Twitter’s Advertiser API provides programmatic access to advertiser accounts. Partners can integrate their solutions with the API to promote Tweets or Twitter accounts, schedule campaigns, retrieve analytics, manage audiences, and more. This document will briefly cover terminology and concepts fundamental to developing on the platform.

Resources

There are a number of resources that developers should use to supplement the Ads API docs. We recommend that developers review the documentation for Twitter advertisers using ads.twitter.com. These docs cover core concepts of advertising on Twitter and provide insight into the expectations your advertisers will have based on previous experience advertising on Twitter. We also recommend that Ads API developers familiarize themselves with the public Twitter API documentation.

The Twitter developer forums are another valuable resource containing conversations about developing on Twitter. Search over the repository or communicate with other developers building on the Advertiser API.

Using the API

The Advertiser API is accessed on https://ads-api.twitter.com. The standard REST API, and the Advertiser API can be used together with the same client application. The Advertiser API enforces HTTPS, therefore attempts to access an endpoint with HTTP will result in an error message.

The Ads API outputs JSON. All identifiers are strings and all strings are UTF-8. The Advertiser API is versioned (currently version “two”) and the version is specified as the first path element of any resource URL. For example, version two is represented in this URL as the first “2” path element you see: https://ads-api.twitter.com/2/accounts.

HTTP & OAuth

Like Twitter REST API v1.1, the Advertiser API requires the use of both OAuth 1.0A and HTTPS. API keys can be obtained through the application management console. Access tokens must also be used to represent the “current user.” The current user is a Twitter account with advertising capabilities.

It is strongly recommended that partners use an OAuth library, rather than writing your own. We can support debugging when using a known library, but cannot if you roll your own OAuth implementation. See the libraries that you can use.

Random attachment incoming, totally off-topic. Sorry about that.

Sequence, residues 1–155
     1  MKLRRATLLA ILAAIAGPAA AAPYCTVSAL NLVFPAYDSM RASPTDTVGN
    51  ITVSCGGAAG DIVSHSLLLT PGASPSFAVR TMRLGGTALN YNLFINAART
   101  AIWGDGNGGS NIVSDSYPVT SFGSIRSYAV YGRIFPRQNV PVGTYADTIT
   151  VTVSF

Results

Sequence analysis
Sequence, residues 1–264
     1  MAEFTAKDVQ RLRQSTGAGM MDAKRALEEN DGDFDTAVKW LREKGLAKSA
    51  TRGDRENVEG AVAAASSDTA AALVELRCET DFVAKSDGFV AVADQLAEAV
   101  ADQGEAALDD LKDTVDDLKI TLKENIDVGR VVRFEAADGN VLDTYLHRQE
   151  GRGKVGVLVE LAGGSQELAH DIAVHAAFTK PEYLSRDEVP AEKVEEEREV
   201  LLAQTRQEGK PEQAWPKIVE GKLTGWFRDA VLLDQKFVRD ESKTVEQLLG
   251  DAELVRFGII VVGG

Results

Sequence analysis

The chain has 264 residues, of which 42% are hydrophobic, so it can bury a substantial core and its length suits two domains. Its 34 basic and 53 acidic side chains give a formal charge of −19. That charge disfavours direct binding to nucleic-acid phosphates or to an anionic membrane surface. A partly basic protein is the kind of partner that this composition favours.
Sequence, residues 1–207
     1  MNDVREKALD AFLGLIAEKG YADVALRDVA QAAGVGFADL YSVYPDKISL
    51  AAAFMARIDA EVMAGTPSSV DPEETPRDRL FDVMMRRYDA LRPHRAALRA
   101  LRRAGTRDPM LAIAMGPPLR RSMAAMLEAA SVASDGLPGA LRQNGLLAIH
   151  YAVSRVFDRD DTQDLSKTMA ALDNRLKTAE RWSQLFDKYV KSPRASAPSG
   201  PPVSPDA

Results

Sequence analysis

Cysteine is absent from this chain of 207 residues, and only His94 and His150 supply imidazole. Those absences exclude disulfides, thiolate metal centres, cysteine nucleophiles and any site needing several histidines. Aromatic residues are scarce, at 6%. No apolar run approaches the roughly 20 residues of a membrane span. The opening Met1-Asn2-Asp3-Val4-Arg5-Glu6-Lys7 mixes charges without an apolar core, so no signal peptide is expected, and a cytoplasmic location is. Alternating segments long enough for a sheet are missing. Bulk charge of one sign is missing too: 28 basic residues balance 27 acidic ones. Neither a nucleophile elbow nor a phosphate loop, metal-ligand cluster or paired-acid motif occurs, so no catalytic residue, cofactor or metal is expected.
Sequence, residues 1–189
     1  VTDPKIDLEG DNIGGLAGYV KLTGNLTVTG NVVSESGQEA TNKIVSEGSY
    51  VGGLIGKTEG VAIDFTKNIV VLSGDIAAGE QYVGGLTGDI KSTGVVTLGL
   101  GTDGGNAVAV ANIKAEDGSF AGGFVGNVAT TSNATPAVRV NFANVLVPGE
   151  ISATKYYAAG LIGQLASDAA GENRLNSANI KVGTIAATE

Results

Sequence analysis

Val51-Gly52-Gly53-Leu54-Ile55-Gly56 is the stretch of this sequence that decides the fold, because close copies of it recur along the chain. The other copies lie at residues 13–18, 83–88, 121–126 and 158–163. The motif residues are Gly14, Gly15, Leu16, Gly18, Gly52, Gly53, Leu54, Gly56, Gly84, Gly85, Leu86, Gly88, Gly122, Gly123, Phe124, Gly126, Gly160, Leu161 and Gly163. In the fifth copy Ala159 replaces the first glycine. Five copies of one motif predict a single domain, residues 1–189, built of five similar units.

The API is strict with HTTP 1.1 and OAuth. Ensure that you’re encoding reserved characters appropriately within URLs and POST bodies before preparing OAuth signature base strings. The Advertiser API in particular uses “:” characters when specifying time and “,” characters when providing a collection of options. Both characters are among this reserved set:

!

#

$

&

(

)

*

  •  

,

/

:

;

=

?

@

[

]

%21

%23

%24

%26

%27

%28

%29

%2A

%2B

%2C

%2F

%3A

%3B

%3D

%3F

%40

%5B

%5D

Accounts

There are two different types of accounts involved in using the Ads API: advertiser accounts and Twitter user accounts. Within this documentation, the term “account” refers to the advertiser account.

  • Advertiser accounts are registered on ads.twitter.com and identified in the API by account_id. Advertiser accounts link directly to funding sources and leverage content from one or more Twitter user accounts as “promotable users.” Each advertiser account can grant permission to one or more Twitter user accounts. The advertiser account, or “current account,” is represented in nearly every URL executed as an in-line :account_id parameter.
  • Twitter user accounts (such as @AdsAPI) are identified by user_id in the Ads API. One or more of these accounts can be associated with an advertiser account. The authenticated Twitter user account making requests on the API is referred to as the “current user.” A listing of advertiser accounts that the current user has access to can be found with GET accounts. Promotable users are Twitter handles that can be promoted by a specific advertiser account. For more details about this, see Obtaining Ads Account Access.